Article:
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The pictures in this category illustrate a wide range of scenarios, on both sides of the criminal justice system.
- Reporting crime and safeguarding: disclosure of abuse, reporting abuse or crime to the police, health and social services, education services, working with community policing;
- Being a witness at court: preparing to give evidence, visiting the courtroom, special measures, video link, adjusting communication;
- Getting support from ancillary services: Victim Support, women’s refuge, Independent Domestic Violence Advocate, social worker, counselling, recovering from crime and abuse;
- Police custody: arrest, swabbing, fingerprinting, police interview, appropriate adult, consulting a solicitor, bail;
- Appearing as a defendant: courtroom procedures and personnel, two possible outcomes to a trial;
- Going to prison: prison procedures and routines, induction, visitors, other prisoners, mental health worker, chaplain, release;
- Other legal sanctions: perpetrator programme.
People with learning disabilities, or other communication or learning difficulties are disproportionately likely to be involved with the criminal justice system, either as victims of some types of crimes, or through arrest, trial and imprisonment as perpetrators themselves.
High rates of educational and social exclusion, and the poverty, poor lifestyle and prospects that result, can make people more likely to offend or to get into trouble with the law. Communication difficulties can also make the criminal justice system hard to understand at every stage, and create barriers to people receiving fair treatment during arrest, charging and trial. Five to ten percent of the adult prison population in the UK have learning disabilities, and 60% have some kind of communication difficulty. This can add greatly to the difficulties of prison life, and lead to bullying, mental illness, poor health and health care, and lack of access to education and rehabilitation to reduce re-offending. Reasonable adjustments, specialist services and communication supports are needed throughout prosecution and court processes, and to support life in prison and parole, to ensure that people with learning disabilities and difficulties are not at risk from the system itself.
People with learning disabilities are also more likely than most to be the victims of abusive crimes, such as financial, sexual and domestic abuse, and of specific targeted disability hate crimes. In the UK there are legal supports, called special measures, available for vulnerable adults who have to appear as a witness in court, meaning that people who have experienced crime may be able to give evidence without being present in the courtroom, or that some court procedures are adjusted to make them easier for vulnerable witnesses to manage. In addition to this, mainstream services working with vulnerable witnesses and victims of crime – as well as police, social services and other statutory services – should ensure that they understand and cater to the specific needs of people with learning disabilities. This includes following approved safeguarding procedures, and making reasonable adjustments such as specialised emotional support or signposting, and using appropriate communication tools.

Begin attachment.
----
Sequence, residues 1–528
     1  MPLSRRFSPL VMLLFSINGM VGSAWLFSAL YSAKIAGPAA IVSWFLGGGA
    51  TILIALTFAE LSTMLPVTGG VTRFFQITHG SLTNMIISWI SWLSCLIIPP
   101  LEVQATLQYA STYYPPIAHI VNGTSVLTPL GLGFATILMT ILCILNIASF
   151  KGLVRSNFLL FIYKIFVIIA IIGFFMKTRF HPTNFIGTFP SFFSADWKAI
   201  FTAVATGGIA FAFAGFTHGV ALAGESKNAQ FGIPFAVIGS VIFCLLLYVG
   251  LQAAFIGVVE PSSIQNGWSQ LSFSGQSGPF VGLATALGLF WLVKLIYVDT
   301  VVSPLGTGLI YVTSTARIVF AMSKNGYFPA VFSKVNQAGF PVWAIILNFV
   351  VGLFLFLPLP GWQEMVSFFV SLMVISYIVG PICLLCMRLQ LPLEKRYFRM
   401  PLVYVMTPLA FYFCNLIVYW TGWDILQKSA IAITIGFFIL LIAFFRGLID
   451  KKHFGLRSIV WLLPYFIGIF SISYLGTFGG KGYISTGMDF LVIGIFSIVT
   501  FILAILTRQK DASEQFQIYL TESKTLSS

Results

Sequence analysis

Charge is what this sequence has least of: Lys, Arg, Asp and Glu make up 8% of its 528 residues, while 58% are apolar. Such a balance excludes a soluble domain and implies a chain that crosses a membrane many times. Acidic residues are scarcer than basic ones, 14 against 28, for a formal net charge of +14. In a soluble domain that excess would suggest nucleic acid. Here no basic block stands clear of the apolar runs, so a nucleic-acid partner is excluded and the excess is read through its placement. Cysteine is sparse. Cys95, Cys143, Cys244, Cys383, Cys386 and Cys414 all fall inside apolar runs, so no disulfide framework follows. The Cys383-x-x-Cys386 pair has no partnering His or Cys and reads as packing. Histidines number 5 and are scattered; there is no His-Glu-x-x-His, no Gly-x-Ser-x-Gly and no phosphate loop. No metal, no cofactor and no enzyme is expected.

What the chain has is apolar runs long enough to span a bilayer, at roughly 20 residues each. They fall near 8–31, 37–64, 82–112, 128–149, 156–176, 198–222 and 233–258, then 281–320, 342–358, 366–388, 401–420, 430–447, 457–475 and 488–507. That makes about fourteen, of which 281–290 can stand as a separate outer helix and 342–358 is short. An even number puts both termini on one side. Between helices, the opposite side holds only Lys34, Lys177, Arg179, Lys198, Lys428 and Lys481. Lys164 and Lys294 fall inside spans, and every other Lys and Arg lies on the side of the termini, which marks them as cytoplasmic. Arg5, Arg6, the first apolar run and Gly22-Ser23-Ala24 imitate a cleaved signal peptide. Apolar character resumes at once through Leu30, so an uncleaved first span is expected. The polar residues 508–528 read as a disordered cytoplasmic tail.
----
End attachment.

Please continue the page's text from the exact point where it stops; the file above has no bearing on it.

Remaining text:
Our books help a wide range of people who understand pictures better than words, but their main audience is people with a learning disability, also known as an intellectual or developmental disability in other parts of the world.
This is a lifelong disability that may affect thinking, learning, emotional (adaptive) functioning and independent living skills. This sort of disability is distinct from a specific processing impairment, like dyslexia or attention deficit disorder. In the UK these impairments are typically referred to as “learning difficulties”, but this term is also preferred by some people with developmental disability, so the meaning is becoming blurred as people self-define.
As well as the primary audience, the books are often useful to people with low levels of literacy or specific processing impairment (“learning difficulties”, as per the traditional definition above), as well as people with sensory disabilities, other communication disorders (e.g. associated with dementia), and second language users.
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